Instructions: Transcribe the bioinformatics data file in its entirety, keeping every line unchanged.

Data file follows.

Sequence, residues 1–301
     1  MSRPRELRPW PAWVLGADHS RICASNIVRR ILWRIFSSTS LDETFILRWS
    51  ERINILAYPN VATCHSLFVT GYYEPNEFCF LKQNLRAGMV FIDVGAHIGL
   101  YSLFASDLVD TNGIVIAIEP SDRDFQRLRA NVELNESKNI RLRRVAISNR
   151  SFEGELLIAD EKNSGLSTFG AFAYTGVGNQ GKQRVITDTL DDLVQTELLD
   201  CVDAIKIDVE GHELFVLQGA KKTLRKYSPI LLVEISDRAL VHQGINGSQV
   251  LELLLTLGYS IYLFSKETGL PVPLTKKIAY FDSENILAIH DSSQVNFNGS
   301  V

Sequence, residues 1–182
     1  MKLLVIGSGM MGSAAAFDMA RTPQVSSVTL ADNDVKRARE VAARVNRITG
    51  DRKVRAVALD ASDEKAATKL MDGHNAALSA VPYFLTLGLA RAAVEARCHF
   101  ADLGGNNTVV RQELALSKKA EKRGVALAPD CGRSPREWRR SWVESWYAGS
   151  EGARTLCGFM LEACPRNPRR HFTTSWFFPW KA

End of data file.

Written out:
Sequence, residues 1–301
     1  MSRPRELRPW PAWVLGADHS RICASNIVRR ILWRIFSSTS LDETFILRWS
    51  ERINILAYPN VATCHSLFVT GYYEPNEFCF LKQNLRAGMV FIDVGAHIGL
   101  YSLFASDLVD TNGIVIAIEP SDRDFQRLRA NVELNESKNI RLRRVAISNR
   151  SFEGELLIAD EKNSGLSTFG AFAYTGVGNQ GKQRVITDTL DDLVQTELLD
   201  CVDAIKIDVE GHELFVLQGA KKTLRKYSPI LLVEISDRAL VHQGINGSQV
   251  LELLLTLGYS IYLFSKETGL PVPLTKKIAY FDSENILAIH DSSQVNFNGS
   301  V

Sequence, residues 1–182
     1  MKLLVIGSGM MGSAAAFDMA RTPQVSSVTL ADNDVKRARE VAARVNRITG
    51  DRKVRAVALD ASDEKAATKL MDGHNAALSA VPYFLTLGLA RAAVEARCHF
   101  ADLGGNNTVV RQELALSKKA EKRGVALAPD CGRSPREWRR SWVESWYAGS
   151  EGARTLCGFM LEACPRNPRR HFTTSWFFPW KA